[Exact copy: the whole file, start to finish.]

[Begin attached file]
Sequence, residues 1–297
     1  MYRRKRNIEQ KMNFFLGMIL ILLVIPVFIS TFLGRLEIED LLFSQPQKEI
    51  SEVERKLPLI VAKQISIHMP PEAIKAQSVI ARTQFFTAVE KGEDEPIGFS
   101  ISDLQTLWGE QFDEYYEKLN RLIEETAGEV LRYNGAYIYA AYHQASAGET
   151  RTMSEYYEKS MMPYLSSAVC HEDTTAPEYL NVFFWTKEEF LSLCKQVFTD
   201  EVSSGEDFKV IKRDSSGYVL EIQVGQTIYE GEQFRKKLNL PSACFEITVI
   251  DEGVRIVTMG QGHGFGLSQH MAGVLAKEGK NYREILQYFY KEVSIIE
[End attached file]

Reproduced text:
Sequence, residues 1–297
     1  MYRRKRNIEQ KMNFFLGMIL ILLVIPVFIS TFLGRLEIED LLFSQPQKEI
    51  SEVERKLPLI VAKQISIHMP PEAIKAQSVI ARTQFFTAVE KGEDEPIGFS
   101  ISDLQTLWGE QFDEYYEKLN RLIEETAGEV LRYNGAYIYA AYHQASAGET
   151  RTMSEYYEKS MMPYLSSAVC HEDTTAPEYL NVFFWTKEEF LSLCKQVFTD
   201  EVSSGEDFKV IKRDSSGYVL EIQVGQTIYE GEQFRKKLNL PSACFEITVI
   251  DEGVRIVTMG QGHGFGLSQH MAGVLAKEGK NYREILQYFY KEVSIIE